HBO turns fiscal crisis into thriller with ‘Too Big to Fail’

HBO turns fiscal crisis into thriller with ‘Too Big to Fail’
“Too Big to Fail,” HBO’s adaptation of Andrew Ross Sorkin’s book airing Monday, has a lot going for it, including one great performance after another from an A-list cast, crisp direction by Curtis Hanson and the sweeping theme of pulling the nation’s economy back from total collapse. […] if these institutions were allowed to collapse, it would not only imperil the nation’s economy but have …
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The Forbes Celebrity 100: The Richest and the Most Entrepreneurial
Note: This is the In Brief item I wrote for the June 6 ??issue of Forbes featuring the 100 top-earni
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Can You Amass a Fortune With These Stocks?
You don’t need a million to make millions, just follow this simple plan.
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How The Rich Got Richer
The past year was very good to some of the richest people in the world. Many of the globe’s wealthiest saw their net worth increase through entrepreneurship, investing, inheritances and other business endeavors. These individuals wisely put their money to good use and reaped the rewards of their wise stewardship in 2011. Let’s take a look at how the world’s richest people got a little richer …
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The Mortgage Crisis

Some questions about the mortgage crisis:

>Can the government stop the decline in home prices?

>Can they avoid more loan defaults?

>Can they engineer a soft landing for the mortgage loan industry?

>Is the crisis already over?

>Where are we in the process?

>Can the government actually manage the situation?

Ben Bernanke, Chairman of the Federal Reserve, recently “endorsed the need for government intervention, saying that letting markets take their own course could destabilize communities, reduce the property values of nearby homes and lower municipal tax revenues.” He is asking lenders to consider “cutting the principal of some customers’ loans to prevent foreclosure, noting, “When the source of the problem is a decline of the value of the home well below the mortgage’s principal balance, the best solution may be a write-down, perhaps combined with a government-orchestrated refinancing.” (“Bernanke pushes government help to curb foreclosures,” Los Angeles Times, May 6, 2008).

Bernanke also recommended legislation permitting the FHA to “increase its scale,” along with Rep. Barney Frank (D-MA) and Sen. Chris Dodd (D-CN), who are calling “for up to 0 billion in loan guarantees from the Federal Housing Administration to refinance loans that homeowners can’t afford as long as the original lender reduces the principal on the loan to 85% of the home’s current market value.” (“Many problems with mortgage bailouts,”, April 22, 2008).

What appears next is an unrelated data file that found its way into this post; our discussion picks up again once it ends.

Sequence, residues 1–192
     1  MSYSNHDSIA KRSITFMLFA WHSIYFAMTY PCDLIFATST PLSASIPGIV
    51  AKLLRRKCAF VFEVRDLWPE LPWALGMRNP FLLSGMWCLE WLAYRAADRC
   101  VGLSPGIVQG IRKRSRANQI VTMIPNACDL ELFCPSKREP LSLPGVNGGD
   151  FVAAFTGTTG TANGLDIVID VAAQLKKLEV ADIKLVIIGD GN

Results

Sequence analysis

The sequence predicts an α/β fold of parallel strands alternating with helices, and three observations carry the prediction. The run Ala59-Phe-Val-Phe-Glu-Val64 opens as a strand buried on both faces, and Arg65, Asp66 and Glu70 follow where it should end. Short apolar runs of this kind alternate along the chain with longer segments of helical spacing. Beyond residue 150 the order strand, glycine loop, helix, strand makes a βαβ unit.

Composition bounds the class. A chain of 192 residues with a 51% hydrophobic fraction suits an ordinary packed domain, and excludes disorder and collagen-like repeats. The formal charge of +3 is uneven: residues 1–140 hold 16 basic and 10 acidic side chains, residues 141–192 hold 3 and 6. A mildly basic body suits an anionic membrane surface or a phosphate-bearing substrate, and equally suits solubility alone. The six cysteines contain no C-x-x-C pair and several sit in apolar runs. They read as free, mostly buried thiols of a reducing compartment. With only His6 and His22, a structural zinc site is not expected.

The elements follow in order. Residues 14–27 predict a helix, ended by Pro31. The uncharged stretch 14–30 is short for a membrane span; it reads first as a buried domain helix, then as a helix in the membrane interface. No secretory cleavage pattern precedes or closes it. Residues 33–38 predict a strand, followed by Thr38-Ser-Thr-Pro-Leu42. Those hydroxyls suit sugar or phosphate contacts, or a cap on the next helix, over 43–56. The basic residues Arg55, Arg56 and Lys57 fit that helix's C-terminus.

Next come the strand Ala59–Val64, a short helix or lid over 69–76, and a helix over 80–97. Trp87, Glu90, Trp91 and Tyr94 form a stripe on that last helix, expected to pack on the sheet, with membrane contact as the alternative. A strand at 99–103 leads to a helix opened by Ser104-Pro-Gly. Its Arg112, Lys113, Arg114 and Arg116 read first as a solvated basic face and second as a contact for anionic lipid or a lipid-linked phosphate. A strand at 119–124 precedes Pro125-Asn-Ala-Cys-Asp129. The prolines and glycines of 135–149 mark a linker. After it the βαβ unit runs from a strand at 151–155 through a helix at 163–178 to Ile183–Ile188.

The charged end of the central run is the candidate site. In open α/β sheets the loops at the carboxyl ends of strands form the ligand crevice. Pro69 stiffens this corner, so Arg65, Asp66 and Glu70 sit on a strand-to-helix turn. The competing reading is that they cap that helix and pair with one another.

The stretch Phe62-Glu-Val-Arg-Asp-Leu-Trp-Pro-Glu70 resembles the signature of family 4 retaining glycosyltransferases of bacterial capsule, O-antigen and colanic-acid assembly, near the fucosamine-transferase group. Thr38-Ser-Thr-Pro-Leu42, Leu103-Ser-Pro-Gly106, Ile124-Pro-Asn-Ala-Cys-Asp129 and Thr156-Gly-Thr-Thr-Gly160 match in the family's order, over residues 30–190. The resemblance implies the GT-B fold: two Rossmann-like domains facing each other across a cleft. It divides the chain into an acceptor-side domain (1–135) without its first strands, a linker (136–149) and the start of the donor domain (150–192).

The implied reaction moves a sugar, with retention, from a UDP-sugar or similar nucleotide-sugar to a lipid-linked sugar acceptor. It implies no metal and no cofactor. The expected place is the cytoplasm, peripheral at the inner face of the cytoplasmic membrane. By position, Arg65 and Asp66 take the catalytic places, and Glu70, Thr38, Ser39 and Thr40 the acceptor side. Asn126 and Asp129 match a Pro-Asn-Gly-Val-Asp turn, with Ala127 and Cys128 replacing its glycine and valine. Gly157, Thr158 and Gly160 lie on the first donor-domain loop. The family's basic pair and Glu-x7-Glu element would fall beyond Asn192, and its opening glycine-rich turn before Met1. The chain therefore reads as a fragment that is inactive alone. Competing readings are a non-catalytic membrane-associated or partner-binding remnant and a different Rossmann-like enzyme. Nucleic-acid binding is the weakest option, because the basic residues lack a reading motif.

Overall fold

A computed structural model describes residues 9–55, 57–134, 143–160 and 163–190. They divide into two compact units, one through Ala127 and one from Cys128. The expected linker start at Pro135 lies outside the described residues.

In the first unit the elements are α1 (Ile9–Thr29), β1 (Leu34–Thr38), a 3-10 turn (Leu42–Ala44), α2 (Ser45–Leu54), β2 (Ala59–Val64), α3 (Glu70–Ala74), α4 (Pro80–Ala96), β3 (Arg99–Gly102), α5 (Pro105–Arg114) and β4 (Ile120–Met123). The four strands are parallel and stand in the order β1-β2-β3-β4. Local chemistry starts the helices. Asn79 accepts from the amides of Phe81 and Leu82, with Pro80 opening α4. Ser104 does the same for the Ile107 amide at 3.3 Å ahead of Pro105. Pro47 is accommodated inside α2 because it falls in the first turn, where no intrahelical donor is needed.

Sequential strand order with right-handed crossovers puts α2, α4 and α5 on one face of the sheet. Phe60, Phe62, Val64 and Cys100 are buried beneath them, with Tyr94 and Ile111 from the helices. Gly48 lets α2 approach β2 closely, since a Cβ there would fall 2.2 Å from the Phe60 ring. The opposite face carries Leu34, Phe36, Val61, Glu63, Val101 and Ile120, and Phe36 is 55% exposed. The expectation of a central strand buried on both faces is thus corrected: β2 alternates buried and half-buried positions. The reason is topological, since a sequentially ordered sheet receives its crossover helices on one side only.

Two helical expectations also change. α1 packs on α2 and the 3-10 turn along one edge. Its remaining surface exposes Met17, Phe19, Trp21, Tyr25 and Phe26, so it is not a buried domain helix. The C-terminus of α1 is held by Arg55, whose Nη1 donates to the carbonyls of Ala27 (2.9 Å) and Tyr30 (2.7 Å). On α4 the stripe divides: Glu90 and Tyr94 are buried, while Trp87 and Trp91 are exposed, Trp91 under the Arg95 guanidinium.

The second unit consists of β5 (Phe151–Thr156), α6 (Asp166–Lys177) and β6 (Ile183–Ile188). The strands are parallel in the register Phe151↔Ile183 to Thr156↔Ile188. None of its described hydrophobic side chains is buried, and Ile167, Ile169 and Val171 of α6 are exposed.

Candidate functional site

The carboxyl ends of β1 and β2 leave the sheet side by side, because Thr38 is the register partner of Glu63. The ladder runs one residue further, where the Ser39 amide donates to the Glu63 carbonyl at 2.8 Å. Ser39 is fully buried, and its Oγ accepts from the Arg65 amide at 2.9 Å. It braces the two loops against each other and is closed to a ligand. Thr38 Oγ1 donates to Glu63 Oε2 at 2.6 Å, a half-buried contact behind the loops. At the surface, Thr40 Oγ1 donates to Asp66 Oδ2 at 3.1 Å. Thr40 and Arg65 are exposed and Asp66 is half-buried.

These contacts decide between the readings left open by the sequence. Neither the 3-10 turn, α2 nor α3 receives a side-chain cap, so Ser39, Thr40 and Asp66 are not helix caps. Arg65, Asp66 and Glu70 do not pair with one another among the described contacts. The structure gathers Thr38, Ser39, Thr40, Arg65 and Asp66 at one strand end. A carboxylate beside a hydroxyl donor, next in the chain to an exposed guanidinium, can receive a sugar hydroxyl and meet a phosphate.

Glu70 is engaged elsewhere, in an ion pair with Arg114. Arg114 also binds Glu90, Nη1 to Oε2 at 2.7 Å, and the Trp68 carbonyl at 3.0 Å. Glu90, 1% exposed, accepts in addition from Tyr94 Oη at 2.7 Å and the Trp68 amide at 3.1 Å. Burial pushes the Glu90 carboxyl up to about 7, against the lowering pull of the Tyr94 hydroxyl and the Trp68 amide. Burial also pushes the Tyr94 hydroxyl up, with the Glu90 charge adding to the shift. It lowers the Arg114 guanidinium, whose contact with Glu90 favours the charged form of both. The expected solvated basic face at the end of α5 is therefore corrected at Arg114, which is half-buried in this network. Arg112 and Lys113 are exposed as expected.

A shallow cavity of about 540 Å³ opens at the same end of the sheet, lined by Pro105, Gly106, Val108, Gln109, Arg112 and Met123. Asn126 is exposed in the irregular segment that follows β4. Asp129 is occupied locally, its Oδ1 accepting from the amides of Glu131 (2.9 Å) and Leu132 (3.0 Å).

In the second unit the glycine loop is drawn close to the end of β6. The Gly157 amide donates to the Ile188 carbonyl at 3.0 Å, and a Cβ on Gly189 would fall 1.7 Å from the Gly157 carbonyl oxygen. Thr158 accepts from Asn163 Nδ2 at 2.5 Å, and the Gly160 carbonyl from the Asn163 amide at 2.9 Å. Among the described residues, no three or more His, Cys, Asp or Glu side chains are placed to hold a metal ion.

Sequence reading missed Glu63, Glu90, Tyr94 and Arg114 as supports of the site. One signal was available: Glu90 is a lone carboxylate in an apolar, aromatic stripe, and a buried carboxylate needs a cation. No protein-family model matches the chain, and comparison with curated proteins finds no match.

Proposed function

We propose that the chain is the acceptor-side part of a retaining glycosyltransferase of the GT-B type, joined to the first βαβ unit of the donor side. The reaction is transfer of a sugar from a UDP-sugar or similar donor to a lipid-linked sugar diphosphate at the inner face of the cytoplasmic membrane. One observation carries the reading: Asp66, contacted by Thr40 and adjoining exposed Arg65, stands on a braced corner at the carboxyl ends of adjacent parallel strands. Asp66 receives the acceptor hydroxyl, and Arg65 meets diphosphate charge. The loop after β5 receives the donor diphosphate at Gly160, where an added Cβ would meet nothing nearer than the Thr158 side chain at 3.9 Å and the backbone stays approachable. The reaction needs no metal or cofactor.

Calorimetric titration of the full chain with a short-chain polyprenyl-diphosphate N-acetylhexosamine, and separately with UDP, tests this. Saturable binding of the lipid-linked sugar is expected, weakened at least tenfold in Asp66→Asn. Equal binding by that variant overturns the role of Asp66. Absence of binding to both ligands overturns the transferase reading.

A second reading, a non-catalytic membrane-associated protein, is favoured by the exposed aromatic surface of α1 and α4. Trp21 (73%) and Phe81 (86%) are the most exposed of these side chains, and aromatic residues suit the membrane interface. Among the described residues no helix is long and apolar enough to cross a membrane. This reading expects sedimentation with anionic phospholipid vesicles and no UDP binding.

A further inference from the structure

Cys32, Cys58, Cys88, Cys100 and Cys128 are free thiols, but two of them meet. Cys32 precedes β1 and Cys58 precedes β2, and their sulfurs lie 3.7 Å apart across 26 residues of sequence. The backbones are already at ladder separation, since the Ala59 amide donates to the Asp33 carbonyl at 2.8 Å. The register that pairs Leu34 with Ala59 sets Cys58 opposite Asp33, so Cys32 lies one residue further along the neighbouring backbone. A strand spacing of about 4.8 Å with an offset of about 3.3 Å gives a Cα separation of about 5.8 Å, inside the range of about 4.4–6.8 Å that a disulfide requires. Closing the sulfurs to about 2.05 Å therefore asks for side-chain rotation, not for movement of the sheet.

This plan to induce lenders to write-off a portion of loans that “homeowners can’t afford,” is a very bad idea. In exchange for taking an immediate 15% write-down, the federal government will provide replacement financing, thus effectively transferring the remaining risk of loss to the taxpayers. It would favor borrowers who foolishly took larger loans than they could afford or on terms they could not handle and lenders who knowingly made high risk loans to unqualified applicants. If property values continue to drop, it would simply result in another round of defaults and losses. To his credit, President Bush has threatened to veto this legislation if Congress should pass it.

Who would we really be bailing out, anyway, lenders or borrowers? And, where would the 0 billion come from? Certainly not government reserves, because there are none, which leaves more borrowing as the source of funding.

Warren Buffett, of Berkshire Hathaway fame, currently ranked by Forbes magazine as the richest man in the world, recently told, “The worst of the crisis in Wall Street is over.” However, “in terms of people with individual mortgages, there’s a lot of pain left to come.” Mr. Buffett’s conclusion was echoed by Alan Greenspan, former Federal Reserve Chairman, who is reported to have also said that the worst of the credit crisis is over.

According to Cyril Moulle-Berteaux, writing in the Wall Street Journal (May 6, 2008), it is very likely that the housing crisis is already over, pointing out that the current “bust is nearly three years old.” He further notes, “New home sales are down a staggering 63% from peak levels of 1.4 million. Housing starts have fallen more than 50% and, adjusted for population growth, are back to the trough levels of 1982.”

We should not be influenced by media sob stories about people losing their homes and avoid any attempts to have the government further interfere in the market. Real estate cycles have occurred many times before, and we should simply let this one finish playing out, especially since it looks as though it may have already bottomed.

© 2008 Harris R. Sherline, All Rights Reserved

NOTE: Read more of Harris Sherline’s commentaries on his blog at “

Harris Sherline is a retired Certified Public Accountant and executive. His diverse business background includes experience as a partner in a public accounting firm, as a principal in a number of business ventures and as CEO of a hospital. His conservative commentaries appear weekly in two Santa Barbara newspapers. In addition, his op-ed articles currently appear regularly on three widely read web sites and his own weblog,

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